I LOST MY HUSBAND OF 34 YEARS
So, what happens when you realize your life isn’t going to turn out how you thought it would? Way I see it, you’ve got four choices:
- Turn to drugs, alcohol, sex, or shopping,
- Run away,
- Go crazy, insisting that things WILL turn out how you thought it would, or
- Surrender and adjust.
Option 1, holds no draw for me, although tempting, the guilt of not fulfilling my responsibilities would be worse than the situation at hand. Option 2, “see option 1.” Option 3, although tempting for a recovering control freak like myself – isn’t a viable option. Been there, done that. So, I’m left with option 4, to surrender and adjust.
A few months before my daughter’s fate-fill car accident, my husband and I were facing the reality of serious financial hardships. The accident and subsequent events pushed my husband further into his family illness of alcoholism. As the journey became harder and harder, his struggle became harder and harder. As a young man, he was so resolute about not falling prey to this family illness. I admired his tenacity, and joined my voice to his, “That will never be our life.”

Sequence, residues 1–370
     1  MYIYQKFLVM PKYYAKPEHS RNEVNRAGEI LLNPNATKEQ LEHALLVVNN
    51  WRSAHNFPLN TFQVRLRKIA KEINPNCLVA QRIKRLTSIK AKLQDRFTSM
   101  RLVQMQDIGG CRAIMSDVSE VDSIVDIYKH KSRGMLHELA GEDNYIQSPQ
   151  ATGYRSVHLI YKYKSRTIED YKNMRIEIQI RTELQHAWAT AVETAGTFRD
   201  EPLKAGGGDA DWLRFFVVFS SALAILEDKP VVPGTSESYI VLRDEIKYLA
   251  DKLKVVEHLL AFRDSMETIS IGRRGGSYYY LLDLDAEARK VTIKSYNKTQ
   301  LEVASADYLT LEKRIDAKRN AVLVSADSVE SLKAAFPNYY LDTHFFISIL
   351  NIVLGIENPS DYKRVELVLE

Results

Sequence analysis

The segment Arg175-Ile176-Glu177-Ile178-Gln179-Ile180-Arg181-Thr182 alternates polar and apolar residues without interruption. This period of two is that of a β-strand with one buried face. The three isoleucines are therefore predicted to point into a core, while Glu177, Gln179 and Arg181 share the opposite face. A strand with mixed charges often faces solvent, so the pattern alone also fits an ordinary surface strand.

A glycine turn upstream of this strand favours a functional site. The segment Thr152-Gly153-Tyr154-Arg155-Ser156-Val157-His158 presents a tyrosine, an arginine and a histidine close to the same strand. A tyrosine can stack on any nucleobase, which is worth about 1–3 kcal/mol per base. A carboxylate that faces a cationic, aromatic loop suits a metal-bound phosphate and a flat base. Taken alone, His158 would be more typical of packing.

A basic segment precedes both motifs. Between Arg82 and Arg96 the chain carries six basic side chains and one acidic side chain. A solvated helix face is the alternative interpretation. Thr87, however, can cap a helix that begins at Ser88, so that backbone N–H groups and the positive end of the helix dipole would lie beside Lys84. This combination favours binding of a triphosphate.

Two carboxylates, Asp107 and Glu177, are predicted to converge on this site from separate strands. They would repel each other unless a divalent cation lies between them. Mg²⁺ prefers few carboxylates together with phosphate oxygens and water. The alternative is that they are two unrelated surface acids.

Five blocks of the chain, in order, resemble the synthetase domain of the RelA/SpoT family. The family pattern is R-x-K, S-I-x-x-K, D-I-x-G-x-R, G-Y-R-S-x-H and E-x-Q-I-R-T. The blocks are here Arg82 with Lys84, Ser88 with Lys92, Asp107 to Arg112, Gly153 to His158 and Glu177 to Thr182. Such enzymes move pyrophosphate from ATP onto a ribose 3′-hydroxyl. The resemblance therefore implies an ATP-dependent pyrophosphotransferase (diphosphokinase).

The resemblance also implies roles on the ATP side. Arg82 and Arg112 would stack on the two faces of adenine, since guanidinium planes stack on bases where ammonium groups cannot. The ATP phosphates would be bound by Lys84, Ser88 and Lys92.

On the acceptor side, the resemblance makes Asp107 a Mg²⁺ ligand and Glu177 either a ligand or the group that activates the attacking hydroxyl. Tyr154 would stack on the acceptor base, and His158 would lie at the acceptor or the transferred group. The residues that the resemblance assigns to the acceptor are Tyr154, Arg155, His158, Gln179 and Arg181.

But the disease of dependency and addiction is a cunning, baffling, and powerful thing. He lost the battle in 2015.
With God’s help I have only begun the process of retrieving myself. Drowning in the mud left by his disease, I have depended on God in ways I never thought I would have to. Releasing my imaginary control over the situation, and doing my best.
I WAS 1500 MILES AWAY when MY CHILD WAS BADLY INJURED
Just a few months after we buried my husband, I experienced another extreme crisis. I have a crazy talented child, who is in the top of her field. Just two days after returning to her university, the fall of her sophomore year, she sustained one of the worst injuries a performer could endure. I cannot describe the feeling when I heard her voice telling me about the horrific events that led up to the injury. It is the feeling of constant nausea. Internally the upset is so profound nothing can settle it.